Wednesday, May 2, 2012

Alex Jones and Copyright

My good friend MyRealityBytes alerted me to this video. While I normally take issue with the wild accusations Alex Jones is famous for, much of what he says in this video is accurate. The one thing that is NOT accurate is his claim that he is in danger of losing his account. This is because there is a difference between Copyright and Content ID which I will explain below.

Alex Jones did describe a few terms such as being a Director and I felt I would help explain what that is. For those who do not know, the Director Program was launched in 2006 prior to YouTube's Partner Program. You can read the announcement of this program here: In 2007 YouTube launched the Partner Program and retired the Director Program. Those who were in the director program were able to keep their perks however.

In September of 2011 YouTube announced that anyone who set up 2 step verification and kept their channel copyright and content ID free would be able to upload longer than 15 minutes.

Now let's discuss the issue between Copyright and Content ID. Copyright claims on YouTube are when someone files a copyright infringement claim against your channel and by law YouTube must disable the content. The owner of the video is then entitled to fill out a a counter-notice if they feel the copyright claim is invalid or if they believe they have a fair use entitlement to use the content. YouTube must do this in order to have their safe harbor status under the DMCA which shields internet providers like YouTube from financial liability so long as they disable content upon request of a copyright notice or if they re-enable it upon receipt of a counter-notice.

Content ID was launched a few years ago to help content creators earn money from when their content is used. Most studio networks have long learned that they couldn't stop people from using their content so YouTube gave them a way to earn money from it. Here is Margaret Stewart former head of User Experience discussing how Content ID works. Last month she announced on her twitter that she was leaving YouTube to work for Facebook.

Now content ID has been far from perfect. However, Content ID does not result in a channel being shut down. Even if the video are blocked world wide. Only copyright strikes and TOS violations result in YouTube shutting down your channels. Rumblefish is pretty famous for putting their ads on content that clearly is not theirs. They are also famous for ignoring and rejecting valid disputes to their content ID matches. Another issue that YouTube has caused is it is rather difficult to find all of your content ID matches when you check your account status.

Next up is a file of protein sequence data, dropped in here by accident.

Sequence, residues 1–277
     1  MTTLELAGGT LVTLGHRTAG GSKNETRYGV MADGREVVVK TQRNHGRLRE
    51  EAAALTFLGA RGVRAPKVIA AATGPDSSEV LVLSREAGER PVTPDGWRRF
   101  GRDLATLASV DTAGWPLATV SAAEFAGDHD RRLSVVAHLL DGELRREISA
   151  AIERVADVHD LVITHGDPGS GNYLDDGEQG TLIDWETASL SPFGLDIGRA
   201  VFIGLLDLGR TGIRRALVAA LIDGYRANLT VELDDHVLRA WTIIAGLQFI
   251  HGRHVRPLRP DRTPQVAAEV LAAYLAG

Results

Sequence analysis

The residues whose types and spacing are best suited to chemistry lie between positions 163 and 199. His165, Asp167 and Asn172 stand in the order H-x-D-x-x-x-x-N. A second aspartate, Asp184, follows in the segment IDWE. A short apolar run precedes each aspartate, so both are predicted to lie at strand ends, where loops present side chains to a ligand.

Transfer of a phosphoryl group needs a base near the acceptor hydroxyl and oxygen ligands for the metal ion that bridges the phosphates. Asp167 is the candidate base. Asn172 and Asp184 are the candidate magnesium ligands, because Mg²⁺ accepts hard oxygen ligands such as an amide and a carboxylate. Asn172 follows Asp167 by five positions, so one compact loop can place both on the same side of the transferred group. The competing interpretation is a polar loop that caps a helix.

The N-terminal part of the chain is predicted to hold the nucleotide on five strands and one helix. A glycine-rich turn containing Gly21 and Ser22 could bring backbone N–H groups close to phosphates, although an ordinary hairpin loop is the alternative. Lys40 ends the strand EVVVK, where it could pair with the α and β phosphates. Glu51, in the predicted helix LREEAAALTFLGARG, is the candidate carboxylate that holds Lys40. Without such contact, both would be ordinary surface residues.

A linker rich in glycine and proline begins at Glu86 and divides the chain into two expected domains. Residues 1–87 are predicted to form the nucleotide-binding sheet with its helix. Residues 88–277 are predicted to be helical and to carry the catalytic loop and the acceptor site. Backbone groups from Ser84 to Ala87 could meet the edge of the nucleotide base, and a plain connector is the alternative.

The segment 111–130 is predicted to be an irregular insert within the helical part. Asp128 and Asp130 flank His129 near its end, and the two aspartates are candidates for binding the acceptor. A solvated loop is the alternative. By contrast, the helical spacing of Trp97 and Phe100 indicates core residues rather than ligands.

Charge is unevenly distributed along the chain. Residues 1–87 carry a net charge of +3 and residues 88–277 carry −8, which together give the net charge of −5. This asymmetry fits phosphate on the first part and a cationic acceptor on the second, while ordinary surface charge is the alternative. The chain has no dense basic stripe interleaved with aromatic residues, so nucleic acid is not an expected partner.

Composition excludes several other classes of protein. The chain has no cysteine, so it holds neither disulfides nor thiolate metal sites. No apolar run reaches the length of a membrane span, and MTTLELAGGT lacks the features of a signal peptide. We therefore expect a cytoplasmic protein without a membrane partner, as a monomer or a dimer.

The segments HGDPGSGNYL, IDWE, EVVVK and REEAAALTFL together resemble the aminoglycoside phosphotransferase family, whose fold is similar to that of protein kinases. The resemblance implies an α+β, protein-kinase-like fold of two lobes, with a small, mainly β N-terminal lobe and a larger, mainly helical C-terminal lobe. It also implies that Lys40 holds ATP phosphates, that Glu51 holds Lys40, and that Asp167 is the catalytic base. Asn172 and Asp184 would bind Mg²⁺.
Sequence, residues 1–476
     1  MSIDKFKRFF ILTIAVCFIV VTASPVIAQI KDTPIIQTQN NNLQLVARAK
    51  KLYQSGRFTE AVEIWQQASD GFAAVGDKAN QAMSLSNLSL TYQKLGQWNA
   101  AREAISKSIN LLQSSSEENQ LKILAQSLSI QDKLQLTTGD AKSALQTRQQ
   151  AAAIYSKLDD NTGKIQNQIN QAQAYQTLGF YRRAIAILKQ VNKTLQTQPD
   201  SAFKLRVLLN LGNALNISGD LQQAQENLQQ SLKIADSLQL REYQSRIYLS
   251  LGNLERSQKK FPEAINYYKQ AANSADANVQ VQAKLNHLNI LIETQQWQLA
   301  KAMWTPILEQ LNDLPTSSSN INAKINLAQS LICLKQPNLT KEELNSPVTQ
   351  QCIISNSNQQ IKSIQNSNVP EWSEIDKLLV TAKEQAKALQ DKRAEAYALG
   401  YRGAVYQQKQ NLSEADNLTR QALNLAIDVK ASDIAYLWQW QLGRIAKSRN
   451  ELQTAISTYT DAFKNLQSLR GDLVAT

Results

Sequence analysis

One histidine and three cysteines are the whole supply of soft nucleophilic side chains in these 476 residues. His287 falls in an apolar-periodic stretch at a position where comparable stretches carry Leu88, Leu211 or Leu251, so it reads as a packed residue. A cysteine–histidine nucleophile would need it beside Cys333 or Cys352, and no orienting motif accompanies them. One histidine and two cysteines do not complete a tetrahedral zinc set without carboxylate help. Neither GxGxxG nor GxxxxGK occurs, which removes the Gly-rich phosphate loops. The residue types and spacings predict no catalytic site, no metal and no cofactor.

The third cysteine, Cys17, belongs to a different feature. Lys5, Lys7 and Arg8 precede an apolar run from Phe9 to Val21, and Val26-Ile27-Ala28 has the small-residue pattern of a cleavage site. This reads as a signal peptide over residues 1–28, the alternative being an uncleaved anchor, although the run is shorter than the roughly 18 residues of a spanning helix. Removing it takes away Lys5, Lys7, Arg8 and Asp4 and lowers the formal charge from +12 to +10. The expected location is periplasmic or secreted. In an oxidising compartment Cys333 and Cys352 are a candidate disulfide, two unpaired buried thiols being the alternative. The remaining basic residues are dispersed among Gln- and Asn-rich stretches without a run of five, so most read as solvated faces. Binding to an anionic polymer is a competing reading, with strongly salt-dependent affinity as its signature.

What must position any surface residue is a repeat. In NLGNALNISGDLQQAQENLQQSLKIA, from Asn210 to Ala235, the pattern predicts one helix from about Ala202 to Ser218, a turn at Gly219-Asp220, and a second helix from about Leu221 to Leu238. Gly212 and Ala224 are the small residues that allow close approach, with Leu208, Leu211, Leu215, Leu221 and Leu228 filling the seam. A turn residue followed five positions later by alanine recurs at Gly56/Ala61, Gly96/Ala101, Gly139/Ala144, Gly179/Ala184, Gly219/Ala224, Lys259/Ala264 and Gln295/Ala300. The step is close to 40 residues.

However in many cases that account status only reports on World Wide blocks and as such it can be difficult to find all of the content ID matches especially if you have over 10,000 videos like Alex Jones has. Another place to try and find them is the copyright section however that may not even track them all, according to what I have been reading in the YouTube help forums. Sadly the only sure fire way to see all of your Content ID matches is go to to your video manager and scroll through each video one by one and fill out the dispute.

What you are looking for is any video with the words "Matched third party content" or "Blocked in some countries" or "Blocked Worldwide"

When you hover your mouse over these words a link appears. Click it and it will take you to the dispute form. So what does Alex Jones need to do. Well he has two options. One have a staff person spend about a week going through all 10,000 videos and fill out the dispute forms for any Content ID that appears on the video. The other option is to have their legal time contact Bent Pixel at

Mailing Address:
2620 Regatta Dr, Suite 102
Las Vegas, Nevada NV 89128

Contact Info:

While I doubt that Alex Jones is going to ever see this, hopefully someone else in a similar situation will and if they ever need any assistance please contact me via my YouTube channel.